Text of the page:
Darren Rudloff, chief executive officer for Visit Cheyenne, said the visiting legislators generate about $1.25 million in direct spending during a typical 40-day session. Direct spending means that this is what the legislators (or their spouses or staff members) spend in Cheyenne, whether it’s for meals, lodging, transportation and business services. 

As for indirect spending, Rudloff said the legislators will add another $1.9 million to the economy in 40 days. Indirect spending is expansive, almost like a ripple effect, where businesses will buy more inventory or bring in more staff to take care of their guests. 

“So indirect spending is something like if you went to The Metropolitan downtown and wiped them out of broccoli and tequila,” Rudloff said. “This means they need to restock their supply of broccoli and tequila. This is also going to mean things like a hotel bringing in more cleaning staff to ready the legislators’ rooms or something along those lines.” 

As for local taxes, Rudloff said Cheyenne receives around $37,000 during a 40-day session.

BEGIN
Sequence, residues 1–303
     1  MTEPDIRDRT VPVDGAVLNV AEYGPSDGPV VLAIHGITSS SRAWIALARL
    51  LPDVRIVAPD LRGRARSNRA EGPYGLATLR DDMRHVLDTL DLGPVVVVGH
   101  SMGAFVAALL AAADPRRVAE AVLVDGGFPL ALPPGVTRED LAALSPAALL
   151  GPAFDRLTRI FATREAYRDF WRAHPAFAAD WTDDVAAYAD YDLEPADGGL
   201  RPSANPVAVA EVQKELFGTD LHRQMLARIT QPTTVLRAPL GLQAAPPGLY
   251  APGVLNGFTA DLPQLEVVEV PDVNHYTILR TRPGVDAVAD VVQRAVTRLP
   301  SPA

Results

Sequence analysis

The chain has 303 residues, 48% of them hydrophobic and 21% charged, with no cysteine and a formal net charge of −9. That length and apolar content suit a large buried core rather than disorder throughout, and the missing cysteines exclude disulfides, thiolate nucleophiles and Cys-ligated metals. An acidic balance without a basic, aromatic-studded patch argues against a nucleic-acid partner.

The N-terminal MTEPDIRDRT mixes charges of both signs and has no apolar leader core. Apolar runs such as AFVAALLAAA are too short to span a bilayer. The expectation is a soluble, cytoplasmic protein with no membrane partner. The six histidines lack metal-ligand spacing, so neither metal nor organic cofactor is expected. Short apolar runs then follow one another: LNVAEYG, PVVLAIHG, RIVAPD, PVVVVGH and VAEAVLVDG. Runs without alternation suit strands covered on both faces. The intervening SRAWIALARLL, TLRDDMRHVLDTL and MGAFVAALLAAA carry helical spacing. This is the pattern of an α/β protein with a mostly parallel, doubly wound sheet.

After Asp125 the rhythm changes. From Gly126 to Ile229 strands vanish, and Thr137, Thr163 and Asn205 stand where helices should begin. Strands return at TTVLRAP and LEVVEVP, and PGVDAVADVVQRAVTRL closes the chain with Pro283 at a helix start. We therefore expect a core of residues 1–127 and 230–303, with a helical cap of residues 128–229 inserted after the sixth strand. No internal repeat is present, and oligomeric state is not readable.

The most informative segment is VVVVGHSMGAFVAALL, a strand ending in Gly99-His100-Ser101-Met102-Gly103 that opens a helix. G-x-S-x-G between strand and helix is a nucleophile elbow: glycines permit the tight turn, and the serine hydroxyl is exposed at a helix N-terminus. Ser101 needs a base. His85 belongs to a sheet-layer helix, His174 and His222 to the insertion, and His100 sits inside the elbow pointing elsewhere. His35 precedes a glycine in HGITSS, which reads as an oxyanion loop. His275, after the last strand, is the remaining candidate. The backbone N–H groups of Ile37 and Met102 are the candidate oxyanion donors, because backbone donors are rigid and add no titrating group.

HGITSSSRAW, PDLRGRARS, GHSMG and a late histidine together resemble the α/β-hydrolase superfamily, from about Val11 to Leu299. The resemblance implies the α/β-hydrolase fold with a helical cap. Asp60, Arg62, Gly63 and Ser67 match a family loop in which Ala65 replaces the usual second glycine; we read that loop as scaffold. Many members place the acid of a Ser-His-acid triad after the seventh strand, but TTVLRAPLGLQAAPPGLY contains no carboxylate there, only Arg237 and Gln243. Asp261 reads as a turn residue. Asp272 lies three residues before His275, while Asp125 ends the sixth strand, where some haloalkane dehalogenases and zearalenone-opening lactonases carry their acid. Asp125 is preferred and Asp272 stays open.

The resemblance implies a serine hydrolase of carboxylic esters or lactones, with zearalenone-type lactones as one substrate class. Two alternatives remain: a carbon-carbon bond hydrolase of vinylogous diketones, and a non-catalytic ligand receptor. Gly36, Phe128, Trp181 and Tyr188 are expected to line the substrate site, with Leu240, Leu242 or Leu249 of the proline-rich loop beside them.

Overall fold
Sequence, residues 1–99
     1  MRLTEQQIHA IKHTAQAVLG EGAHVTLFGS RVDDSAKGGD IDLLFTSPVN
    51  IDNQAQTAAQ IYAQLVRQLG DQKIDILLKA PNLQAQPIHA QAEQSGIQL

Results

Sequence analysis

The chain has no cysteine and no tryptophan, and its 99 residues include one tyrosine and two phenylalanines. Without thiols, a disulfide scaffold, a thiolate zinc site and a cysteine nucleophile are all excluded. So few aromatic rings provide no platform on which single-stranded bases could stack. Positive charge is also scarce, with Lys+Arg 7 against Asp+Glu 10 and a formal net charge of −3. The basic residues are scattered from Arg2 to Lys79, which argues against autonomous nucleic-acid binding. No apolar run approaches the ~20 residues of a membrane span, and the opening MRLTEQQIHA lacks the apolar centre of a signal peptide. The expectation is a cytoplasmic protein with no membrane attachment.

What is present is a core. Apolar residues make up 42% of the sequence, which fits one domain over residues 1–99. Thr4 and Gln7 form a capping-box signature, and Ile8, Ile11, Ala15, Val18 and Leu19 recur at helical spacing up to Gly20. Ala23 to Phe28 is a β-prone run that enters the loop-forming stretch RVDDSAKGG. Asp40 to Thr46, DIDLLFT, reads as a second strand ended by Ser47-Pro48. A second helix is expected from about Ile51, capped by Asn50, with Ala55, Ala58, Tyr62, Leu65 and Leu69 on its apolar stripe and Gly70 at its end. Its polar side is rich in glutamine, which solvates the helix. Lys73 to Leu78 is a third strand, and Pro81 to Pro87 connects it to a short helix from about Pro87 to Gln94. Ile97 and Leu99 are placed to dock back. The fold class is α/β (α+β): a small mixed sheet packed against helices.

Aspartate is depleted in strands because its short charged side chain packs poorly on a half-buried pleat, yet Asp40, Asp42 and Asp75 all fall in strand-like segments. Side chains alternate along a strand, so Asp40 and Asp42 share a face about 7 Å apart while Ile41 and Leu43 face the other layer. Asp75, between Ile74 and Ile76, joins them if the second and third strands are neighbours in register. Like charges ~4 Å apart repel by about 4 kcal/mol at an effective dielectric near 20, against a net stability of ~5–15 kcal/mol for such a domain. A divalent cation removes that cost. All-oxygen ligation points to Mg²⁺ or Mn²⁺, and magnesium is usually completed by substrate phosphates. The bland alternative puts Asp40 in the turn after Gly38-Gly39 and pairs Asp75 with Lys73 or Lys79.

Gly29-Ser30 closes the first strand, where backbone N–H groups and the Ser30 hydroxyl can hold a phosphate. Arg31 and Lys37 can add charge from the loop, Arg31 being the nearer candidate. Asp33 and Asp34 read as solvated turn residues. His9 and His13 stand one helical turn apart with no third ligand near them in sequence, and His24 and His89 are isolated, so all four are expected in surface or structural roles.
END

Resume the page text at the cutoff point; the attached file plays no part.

While it’s not quite the same impact that Cheyenne Frontier Days brings every year, Rudloff did note that potential hotel developers often ask why there’s such an increase in traffic every February. This annual increase helps developers decide whether or not to put a new hotel in the city.  

“It definitely makes a difference, their being here every year,” he said. “It’s a nice shot in the arm to the economy. Constituents usually worry when there’s a special session, but for the local economy, it’s great.”

Little America Hotel and Resort general manager Tony O’Brien said that while the hotel definitely brings in its share of legislators every year, he’s noticed a shift toward the lawmakers choosing rental properties when they come for a month-long stay. 

AirBnB’s website boasted more than 300 listings in the Cheyenne area that would be available during this year’s session, ranging in price from $600 to $1,400 for a one-month stay in not only guest rooms but entire apartments and houses.

O’Brien and Rudloff mentioned occasions when lawmakers would rent an AirBnB house or an apartment and split the cost.

“We haven’t seen a decrease in legislators staying with us, but I’ve talked with some of them during receptions and other events and I’ve noticed the younger legislators using an AirBnB instead of a hotel,” O’Brien said. “I think sometimes when you’re staying here for a long time, you want to be able to have that home away from home experience.”